Damage control in the sales & marketing relationship

One foundational aspect of Revenue Marketing™ is the Revenue Marketing Journey™. This four stage-model acts as a GPS as the marketing leader is transforming marketing from a cost center to a revenue center. It defines where marketing is and provides a direction for the journey.

Stages Defined

Marketers in the Traditional stage of the Journey are concerned with activities focused on branding and marketing communication. They act as a cost center and are measured on activities and costs.

In the Lead Generation stage, marketers are using e-mail and are creating leads for sales. The problem is that about 70% of these leads are never followed up on by sales. Marketing is still a cost center and the new metrics is number of leads sent to sales.

With marketing automation and CRM, things get interesting in the Demand Generation stage. Marketing is transforming into a revenue center and are measured based on contribution to pipeline and closed business.

The big difference between the Demand Generation stage and the Revenue Marketing stage is optimization and RPS – Repeatable, Predictable, and Scalable. Revenue Marketers are revenue centers and have the ability to forecast marketing’s impact on revenue.

Where are you on this Journey? Take this quick 4-minute assessment.

The Areas Requiring Damage Control

One area of particular concern for today’s marketing executive is how to do damage control on the current sales and marketing relationship once marketing begins the move from Lead Generation to Demand Generation. In the Lead Generation stage, marketing has been using an email system to launch emails and provide leads to sales. This stage is often characterized by a “batch and blast” approach to email that produces leads that sales does not value. At this stage, sales and marketing each have a wildly different definition of a “lead”. In this scenario, numerous studies show that up to 75% of all leads passed to sales never receive any kind of follow up. While the idea of giving leads to sales sounds good, this scenario provides a snapshot of the issues in execution, understanding and alignment.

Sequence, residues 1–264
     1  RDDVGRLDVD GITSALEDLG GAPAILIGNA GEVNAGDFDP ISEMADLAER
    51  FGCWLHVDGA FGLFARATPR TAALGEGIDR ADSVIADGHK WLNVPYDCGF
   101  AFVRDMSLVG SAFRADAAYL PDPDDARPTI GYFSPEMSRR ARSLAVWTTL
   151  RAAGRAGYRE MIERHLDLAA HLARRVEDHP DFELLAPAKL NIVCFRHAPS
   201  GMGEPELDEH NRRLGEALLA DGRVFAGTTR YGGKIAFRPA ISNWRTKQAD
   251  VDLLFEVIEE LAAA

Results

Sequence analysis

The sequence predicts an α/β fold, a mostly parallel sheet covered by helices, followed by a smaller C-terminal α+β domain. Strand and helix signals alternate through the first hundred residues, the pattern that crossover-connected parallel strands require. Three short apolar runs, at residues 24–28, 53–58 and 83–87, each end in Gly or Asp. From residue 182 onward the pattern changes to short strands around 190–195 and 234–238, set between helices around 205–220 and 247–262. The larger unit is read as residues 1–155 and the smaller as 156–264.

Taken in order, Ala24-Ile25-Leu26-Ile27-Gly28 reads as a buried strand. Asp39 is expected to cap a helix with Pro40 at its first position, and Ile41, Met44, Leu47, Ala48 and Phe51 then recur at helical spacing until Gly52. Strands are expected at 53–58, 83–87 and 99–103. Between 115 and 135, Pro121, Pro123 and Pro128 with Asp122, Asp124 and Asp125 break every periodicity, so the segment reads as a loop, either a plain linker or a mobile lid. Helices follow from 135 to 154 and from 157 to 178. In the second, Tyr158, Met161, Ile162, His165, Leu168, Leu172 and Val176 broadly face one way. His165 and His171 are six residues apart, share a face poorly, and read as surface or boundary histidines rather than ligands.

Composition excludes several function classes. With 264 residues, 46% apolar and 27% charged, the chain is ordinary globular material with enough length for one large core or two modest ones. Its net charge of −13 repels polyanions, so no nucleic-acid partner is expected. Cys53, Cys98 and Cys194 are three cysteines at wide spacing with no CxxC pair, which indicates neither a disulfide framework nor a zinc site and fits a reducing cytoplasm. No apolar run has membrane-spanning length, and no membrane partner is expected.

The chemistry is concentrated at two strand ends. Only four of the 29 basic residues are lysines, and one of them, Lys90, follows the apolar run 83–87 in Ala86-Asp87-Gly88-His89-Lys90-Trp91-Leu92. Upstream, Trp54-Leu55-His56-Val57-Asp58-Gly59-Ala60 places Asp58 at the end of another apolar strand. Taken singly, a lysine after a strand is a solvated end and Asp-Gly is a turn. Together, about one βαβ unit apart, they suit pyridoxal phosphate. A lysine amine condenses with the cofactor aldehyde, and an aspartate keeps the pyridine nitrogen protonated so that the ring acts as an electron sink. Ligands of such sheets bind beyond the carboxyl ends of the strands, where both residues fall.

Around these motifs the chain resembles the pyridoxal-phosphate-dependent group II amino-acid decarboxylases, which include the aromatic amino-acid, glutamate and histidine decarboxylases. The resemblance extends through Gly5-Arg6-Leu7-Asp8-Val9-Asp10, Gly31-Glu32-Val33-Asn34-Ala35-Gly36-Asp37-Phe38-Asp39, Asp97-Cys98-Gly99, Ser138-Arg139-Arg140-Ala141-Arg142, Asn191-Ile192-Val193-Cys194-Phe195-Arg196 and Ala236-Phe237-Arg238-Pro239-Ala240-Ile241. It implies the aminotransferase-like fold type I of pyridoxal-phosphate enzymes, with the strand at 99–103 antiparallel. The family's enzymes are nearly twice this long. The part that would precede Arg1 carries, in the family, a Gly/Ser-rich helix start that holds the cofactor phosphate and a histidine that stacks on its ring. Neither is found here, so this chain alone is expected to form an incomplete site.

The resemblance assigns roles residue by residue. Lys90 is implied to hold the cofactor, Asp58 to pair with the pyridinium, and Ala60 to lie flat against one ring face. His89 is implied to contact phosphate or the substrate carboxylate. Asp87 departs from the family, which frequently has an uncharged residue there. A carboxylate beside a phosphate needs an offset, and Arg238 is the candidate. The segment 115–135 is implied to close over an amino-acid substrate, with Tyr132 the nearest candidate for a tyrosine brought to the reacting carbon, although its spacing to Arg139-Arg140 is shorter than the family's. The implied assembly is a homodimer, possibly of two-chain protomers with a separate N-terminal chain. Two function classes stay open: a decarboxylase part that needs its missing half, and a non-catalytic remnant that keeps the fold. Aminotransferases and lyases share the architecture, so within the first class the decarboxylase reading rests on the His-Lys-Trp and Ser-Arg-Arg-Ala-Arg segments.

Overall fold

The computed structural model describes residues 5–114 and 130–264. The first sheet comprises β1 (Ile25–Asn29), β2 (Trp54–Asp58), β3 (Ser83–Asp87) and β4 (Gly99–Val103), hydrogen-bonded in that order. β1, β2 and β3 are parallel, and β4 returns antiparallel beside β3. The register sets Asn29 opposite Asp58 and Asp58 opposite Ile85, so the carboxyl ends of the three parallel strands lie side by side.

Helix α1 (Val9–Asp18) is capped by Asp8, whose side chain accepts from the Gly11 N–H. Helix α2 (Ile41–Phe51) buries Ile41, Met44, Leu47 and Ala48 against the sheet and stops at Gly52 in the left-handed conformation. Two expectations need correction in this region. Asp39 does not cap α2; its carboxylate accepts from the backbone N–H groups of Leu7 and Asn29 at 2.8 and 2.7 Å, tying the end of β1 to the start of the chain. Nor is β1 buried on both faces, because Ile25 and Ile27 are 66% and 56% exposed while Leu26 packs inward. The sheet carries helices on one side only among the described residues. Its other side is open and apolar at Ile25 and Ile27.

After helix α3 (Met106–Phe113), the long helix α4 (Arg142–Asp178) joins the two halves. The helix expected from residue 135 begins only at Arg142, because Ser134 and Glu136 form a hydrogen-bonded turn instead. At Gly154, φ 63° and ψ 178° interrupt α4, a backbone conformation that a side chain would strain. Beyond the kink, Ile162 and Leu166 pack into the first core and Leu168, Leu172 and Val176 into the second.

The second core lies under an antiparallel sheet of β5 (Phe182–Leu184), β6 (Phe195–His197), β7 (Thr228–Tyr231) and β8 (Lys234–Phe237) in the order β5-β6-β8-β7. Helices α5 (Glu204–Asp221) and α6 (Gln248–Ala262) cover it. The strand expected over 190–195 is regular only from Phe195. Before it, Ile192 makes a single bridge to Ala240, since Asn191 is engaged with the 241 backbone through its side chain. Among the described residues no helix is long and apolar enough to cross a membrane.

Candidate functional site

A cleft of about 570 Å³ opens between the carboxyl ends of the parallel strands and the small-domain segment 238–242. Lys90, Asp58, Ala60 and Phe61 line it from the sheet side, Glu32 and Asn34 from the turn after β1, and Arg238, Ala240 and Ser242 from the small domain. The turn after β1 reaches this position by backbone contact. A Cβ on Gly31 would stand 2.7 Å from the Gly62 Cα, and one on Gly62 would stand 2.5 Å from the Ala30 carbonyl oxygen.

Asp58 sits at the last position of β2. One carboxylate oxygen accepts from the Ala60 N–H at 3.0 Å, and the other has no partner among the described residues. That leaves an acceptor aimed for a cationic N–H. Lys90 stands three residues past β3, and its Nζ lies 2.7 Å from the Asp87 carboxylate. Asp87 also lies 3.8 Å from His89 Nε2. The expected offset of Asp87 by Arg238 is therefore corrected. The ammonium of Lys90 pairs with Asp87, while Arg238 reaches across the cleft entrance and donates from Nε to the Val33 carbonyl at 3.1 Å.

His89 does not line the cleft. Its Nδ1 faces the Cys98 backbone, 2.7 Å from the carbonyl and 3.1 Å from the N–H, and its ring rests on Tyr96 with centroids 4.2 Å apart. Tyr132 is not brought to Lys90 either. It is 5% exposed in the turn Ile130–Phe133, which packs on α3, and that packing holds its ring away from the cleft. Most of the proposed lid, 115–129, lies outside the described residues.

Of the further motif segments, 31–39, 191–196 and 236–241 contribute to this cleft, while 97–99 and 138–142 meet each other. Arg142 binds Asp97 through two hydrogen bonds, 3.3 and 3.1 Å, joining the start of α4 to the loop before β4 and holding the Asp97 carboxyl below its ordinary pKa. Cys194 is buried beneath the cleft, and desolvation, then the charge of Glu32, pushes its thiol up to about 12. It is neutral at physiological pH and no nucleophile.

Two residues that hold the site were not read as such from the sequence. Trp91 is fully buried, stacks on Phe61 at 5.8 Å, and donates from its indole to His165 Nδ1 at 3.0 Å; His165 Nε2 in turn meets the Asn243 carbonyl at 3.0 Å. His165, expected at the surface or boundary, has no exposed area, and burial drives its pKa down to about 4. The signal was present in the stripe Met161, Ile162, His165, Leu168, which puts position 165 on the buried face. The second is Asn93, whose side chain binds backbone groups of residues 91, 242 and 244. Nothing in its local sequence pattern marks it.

Fast forward. Marketing catches the Revenue Marketing fever and begins investing in technology (marketing automation integrated with CRM), training, processes, etc. to move into the next stage of the Revenue Marketing Journey – Demand Generation. In this stage, marketing can finally provide the kind of leads that sales has been asking for – after all, they are now qualified! There is one big problem. You had a meeting with sales to explain what you were doing and they really didn’t believe you. Their comments to you were:

  • You have been promising “qualified leads” for years and we continue to receive junk.
  • You don’t understand sales.
  • You have no accountability for a number like we do so you are not really vested in our success.

For many marketing leaders, this requires serious damage control. You have to “un-do” and “re-do” the perceptions of marketing in the revenue equation. This happens through your ability to build sales advocacy for Revenue Marketing, beginning with the Chief Sales Officer (CSO). One of the best ways I’ve seen this advocacy get started is by marketing applying Revenue Marketing to a micro-segment (a specific territory or sales team) of a key sales initiative as a proof point. This approach educates the CSO and the sales team while producing financials that sales relates to. Your baseline metrics should include short-term metrics (how many appointments got set), medium-term metrics (how many opportunities and pipeline value), and long-term metrics (how much business was closed from the program). This approach also allows marketing to work closely with a segment of sales to ensure success.

Conclusion

Your job as the marketing executive leading your company on the Revenue Marketing Journey is to build strong advocacy with sales leadership. In order to build that advocacy, you must understand the damage already done in the relationship and build accordingly. Not addressing this issue head-on ensures a continuation of the cold war between sales and marketing and will seriously undermine your Revenue Marketing success.

What have you seen as key action to damage control? I’d love to hear about your experiences.

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About Debbie Qaqish
Debbie is a nationally recognized thought leader, innovator and speaker in Revenue Marketing with more than 30 years of experience applying strategy, technology and process to help B2B companies drive revenue growth. She is the author of the award winning book – “Rise of the Revenue Marketer,” Chancellor of Revenue Marketing University, and host of Revenue Marketer Radio (WRMR). Debbie has been at the forefront of the marketing automation phenomenon, first as a beneficiary, and now as an advocate and expert. She is a frequent speaker and writer on topics related to Revenue Marketing transformation, leadership, change management, sales and marketing alignment, ROI, content, organization, talent and marketing operations. She coined the term “Revenue Marketer” in 2011. As a principal partner and chief strategy officer of The Pedowitz Group, Debbie is responsible for developing and managing global client relationships, as well as leading the firm’s thought leadership initiatives. Debbie is also PhD candidate and her dissertation topic is how the CMO adopts financial accountability in an e-marketing environment.

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  • Posted by Debbie Qaqish
  • On 06/22/2015
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Tags: revenue marketing, demand generation, lead generation, traditional, batch and blast

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